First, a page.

Workplace Learning: Miscreants & Rascals (HIST*3480)
Code and section: HIST*3480*03
Term: Summer 2021
Instructor: Kris Inwood
Workplace Learning: Miscreants & Rascals
Instructor & Workplace Supervisor: Dr Kris Inwood
This independent study course provides direct experience in the creation and analysis of data describing Canadians imprisoned during the 19th and early 20th. The lives of these people are documented in the admission registers for a select prison. This year we are working on the records of the Fort Saskatchewan Provincial Gaol in Edmonton during the 1930s and 1940s.
Your experiential learning opportunity will involve transcribing the prison registers from images of the pages in order to make rare but highly useful documents more accessible for researchers now and in the future. The transcription element of the course will cover roughly 500 admissions to prison.
In connecting this work experience to your academic discipline you will write two short critical reflections and a research paper analyzing what can be learned about the patterns of offences and offenders using the prison register as a primary source.
You will be conducting independent work and attending class meetings. The course and your workplace are all online. Four scheduled class meetings (their day and time to be determined during the first week of class) will take place remotely in a synchronous environment.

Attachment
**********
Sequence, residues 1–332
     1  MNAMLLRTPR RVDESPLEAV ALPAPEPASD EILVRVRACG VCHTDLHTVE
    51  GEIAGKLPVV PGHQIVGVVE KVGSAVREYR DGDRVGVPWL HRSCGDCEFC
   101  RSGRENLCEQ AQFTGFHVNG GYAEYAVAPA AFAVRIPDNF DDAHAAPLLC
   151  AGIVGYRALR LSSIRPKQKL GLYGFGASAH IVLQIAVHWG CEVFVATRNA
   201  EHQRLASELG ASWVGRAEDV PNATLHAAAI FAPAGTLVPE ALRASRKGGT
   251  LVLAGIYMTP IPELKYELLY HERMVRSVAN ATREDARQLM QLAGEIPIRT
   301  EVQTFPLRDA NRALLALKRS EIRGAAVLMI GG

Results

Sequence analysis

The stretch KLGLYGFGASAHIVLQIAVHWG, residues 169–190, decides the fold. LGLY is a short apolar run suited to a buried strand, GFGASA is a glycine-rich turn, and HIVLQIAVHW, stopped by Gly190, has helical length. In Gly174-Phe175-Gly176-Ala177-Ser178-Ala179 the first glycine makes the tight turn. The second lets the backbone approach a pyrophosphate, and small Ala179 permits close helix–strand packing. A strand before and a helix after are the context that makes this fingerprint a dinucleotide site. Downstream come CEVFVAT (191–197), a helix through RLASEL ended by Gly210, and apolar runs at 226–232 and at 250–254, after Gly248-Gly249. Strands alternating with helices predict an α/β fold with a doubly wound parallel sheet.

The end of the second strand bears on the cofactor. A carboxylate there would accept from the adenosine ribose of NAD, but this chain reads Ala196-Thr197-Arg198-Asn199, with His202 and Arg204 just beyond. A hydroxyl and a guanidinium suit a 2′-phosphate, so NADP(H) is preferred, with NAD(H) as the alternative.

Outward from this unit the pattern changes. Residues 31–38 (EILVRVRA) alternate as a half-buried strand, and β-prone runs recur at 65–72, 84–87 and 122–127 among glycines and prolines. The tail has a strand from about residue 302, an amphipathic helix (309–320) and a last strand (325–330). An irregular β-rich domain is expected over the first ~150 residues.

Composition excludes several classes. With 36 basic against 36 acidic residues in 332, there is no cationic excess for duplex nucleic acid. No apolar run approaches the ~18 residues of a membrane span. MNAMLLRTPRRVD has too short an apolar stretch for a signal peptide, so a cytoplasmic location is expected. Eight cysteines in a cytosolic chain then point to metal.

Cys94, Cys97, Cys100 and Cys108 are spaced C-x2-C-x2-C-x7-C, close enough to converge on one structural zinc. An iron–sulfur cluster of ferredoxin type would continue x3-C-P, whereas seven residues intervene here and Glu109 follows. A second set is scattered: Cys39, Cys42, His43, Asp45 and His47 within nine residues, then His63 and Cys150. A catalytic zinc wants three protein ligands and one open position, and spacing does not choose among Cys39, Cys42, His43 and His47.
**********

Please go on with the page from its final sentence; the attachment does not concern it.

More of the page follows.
- Critical Understanding of 19th & 20th-century criminal justice systems and prisons.
- Ability to understand 19th & 20th-century handwriting & vocabulary.
- Knowledge of transcription practices.
- Knowledge of research practices.
- Ability to critically reflect upon your own work.
- Ability to critically assess the strengths and weaknesses of criminal justice records as sources
Methods of Evaluation:
Weekly Critical Reflections 20%
Final Essay 40%
Texts and/or Resources Required: No Required Textbook
Week 1: Receive instructions for transcription, digital images of the source and an excel template with sample entries. You investigate the challenges of transcribing including conventions that have been designed to minimize inconsistency between transcribers.
Week 2: discussion to review the instructions, discuss challenges of transcription and learn about the questions and quantitative methods with which to mine the prison records for meaning.
Week 3: Your first set of transcriptions is due. No grade will be assigned to your work at this point. This is an opportunity for Dr. Inwood to see how you are doing and address any issues early in the semester.
Week 4: The first Critical Reflection is due. In it you will discuss challenges encountered in the transcription, anything interesting or surprising that you encountered and verbally report on the topic you will do for your essay.
Week 5: The remaining transcriptions are due.
Week 6: The second Critical Reflection is due. In it you discuss challenges, the rate or speed at which you work, interesting or unexpected aspects of the prison register and the prisoners, and assessments of quality and productivity. Discussion of the final essay/document analysis.
Week 12: Essay is due.